On this episode of Tape Talk, we’re going through some of the questions we get the most regarding finances, investments, and your retirement plan. Plus, the first ever Tape Talk Radio live streaming.
The Market is so “high” right now, how could you suggest getting in?
It’s no secret the market has rallied significantly this year. It seems every week the news is filled with headlines about new market highs. If that’s the case, is new money really “buying low, and selling high” here? That depends! Investment returns depend in large part on your timeline. If you’re decades from your investment goal you may be well served with dollar-cost averaging into the market, even here. If your goal is imminent, such as retirement or the kids’ education, then it may be time to assess your financial plan and what allocation is right for you.
If the Fed is raising rates why do you think gold and silver are a good investment?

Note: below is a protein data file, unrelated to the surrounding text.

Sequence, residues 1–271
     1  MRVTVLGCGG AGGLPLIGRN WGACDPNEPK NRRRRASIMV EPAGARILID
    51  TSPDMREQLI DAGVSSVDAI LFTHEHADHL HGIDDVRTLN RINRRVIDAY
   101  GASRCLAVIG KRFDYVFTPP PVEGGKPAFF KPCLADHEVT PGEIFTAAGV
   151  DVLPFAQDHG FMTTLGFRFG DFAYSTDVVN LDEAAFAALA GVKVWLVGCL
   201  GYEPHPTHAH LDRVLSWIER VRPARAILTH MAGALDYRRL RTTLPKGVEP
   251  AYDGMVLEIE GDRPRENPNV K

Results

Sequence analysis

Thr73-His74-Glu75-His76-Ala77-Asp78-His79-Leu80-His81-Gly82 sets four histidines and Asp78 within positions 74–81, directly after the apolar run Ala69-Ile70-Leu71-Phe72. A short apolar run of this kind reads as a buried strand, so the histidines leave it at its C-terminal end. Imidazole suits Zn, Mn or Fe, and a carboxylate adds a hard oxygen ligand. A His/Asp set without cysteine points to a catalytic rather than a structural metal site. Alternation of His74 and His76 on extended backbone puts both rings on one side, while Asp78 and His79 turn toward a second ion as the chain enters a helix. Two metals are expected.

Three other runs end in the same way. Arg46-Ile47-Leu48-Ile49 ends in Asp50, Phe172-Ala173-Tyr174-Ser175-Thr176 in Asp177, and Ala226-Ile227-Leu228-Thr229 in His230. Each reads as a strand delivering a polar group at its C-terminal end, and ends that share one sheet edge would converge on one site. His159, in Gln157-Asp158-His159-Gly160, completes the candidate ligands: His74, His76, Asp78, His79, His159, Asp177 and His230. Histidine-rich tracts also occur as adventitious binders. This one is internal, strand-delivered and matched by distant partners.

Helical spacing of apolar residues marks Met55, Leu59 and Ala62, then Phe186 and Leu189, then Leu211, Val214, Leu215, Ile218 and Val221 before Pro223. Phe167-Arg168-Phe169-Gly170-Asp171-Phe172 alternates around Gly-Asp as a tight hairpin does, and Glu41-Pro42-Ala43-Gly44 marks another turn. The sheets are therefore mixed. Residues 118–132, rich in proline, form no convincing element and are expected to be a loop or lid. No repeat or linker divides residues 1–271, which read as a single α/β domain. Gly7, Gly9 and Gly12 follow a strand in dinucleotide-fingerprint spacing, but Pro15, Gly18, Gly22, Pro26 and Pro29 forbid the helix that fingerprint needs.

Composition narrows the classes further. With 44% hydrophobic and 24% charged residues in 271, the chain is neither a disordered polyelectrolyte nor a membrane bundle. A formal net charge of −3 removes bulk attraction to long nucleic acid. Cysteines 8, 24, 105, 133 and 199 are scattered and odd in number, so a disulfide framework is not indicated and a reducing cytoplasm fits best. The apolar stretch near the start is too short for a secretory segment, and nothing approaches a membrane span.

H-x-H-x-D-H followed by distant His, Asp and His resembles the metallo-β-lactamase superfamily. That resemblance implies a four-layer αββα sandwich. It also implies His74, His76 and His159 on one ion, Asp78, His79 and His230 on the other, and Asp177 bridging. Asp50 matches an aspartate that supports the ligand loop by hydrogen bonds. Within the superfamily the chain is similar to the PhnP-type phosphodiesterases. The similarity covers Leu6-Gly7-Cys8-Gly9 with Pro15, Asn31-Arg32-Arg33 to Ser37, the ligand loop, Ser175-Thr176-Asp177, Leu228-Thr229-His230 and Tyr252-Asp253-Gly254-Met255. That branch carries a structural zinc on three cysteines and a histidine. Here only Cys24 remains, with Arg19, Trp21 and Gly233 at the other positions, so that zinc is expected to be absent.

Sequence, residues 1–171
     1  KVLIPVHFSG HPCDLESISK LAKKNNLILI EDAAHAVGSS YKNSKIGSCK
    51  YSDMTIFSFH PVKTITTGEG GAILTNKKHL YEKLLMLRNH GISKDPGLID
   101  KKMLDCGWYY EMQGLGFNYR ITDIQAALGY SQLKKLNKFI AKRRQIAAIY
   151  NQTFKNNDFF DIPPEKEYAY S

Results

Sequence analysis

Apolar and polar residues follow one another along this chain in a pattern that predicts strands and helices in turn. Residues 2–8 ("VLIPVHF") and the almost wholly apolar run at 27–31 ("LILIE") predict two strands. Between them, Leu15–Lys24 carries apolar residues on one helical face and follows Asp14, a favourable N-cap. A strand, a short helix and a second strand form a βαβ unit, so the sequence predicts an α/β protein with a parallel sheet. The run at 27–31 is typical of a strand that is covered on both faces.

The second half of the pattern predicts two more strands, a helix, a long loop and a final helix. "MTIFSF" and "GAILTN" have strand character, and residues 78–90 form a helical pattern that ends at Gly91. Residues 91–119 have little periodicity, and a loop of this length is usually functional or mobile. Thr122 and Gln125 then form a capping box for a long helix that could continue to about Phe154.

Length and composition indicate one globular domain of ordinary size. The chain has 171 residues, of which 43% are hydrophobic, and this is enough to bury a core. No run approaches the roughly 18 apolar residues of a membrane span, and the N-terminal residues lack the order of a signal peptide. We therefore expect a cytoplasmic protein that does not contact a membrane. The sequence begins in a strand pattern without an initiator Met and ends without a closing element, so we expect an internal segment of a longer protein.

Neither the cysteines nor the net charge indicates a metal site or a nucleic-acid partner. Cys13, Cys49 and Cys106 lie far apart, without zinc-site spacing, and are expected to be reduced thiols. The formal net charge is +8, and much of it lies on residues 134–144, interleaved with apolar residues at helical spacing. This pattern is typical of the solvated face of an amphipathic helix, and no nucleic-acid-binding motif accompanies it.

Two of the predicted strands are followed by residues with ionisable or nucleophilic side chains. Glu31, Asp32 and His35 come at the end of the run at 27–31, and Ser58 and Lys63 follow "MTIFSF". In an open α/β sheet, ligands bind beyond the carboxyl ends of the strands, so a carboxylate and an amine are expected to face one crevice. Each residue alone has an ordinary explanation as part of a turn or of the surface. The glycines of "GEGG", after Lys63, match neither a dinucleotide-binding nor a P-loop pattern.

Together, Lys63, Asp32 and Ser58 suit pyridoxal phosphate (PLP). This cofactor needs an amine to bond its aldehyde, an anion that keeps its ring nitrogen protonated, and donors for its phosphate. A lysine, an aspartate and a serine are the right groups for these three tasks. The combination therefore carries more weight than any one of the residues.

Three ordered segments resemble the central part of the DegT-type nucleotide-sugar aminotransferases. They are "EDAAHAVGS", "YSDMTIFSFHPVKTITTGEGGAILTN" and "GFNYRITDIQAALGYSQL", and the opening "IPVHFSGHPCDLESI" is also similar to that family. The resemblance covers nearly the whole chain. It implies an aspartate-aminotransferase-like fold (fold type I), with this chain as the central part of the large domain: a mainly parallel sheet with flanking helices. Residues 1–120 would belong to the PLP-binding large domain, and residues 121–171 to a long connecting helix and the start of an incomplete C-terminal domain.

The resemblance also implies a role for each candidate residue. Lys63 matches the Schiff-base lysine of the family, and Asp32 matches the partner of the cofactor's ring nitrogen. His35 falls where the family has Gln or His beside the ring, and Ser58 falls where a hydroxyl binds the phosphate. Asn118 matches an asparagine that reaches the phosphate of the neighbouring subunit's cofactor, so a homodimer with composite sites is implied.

Precious metals such as gold and silver are often used as a hedge against inflation. If that’s the case it may seem contrary to be buying them as the Federal Reserve is actively moving against inflation. However, we’ll break down a view of the Fed that’s often behind the curve on its interest cycle and how that can affect investors’ portfolios.
Whole life insurance or term insurance?
Simple put, term insurance is generally the best for most people.
How much am I supposed to take out of my IRA at age 70?
Your required minimum distribution (or RMD) begins in the year you turn 70 and a half. Because, of course, 70 would be just too simple. Every year from this point on your custodian should do a calculation based on your account balance and your remaining life expectancy. This is the amount the IRS requires you to withdraw that year so they can get some tax on that money you’ve been sheltering in your tax-deferred accounts.
I calculated my required rate of return is 9%, since the S&P returns 10% a year am I ok?
Approaching retirement and hoping to get the same average returns as the S&P? If you can do that you might just be extraordinary. The fact is few people get the actual S&P returns due to transaction fees, taxes, and, most importantly, withdraw rates. This means if you’re required rate of return is approaching that of an all-stock index while you’re a few years from retirement it may be time to revisit your financial plan. You can’t cheat the math, so the sooner you change your expectations the better.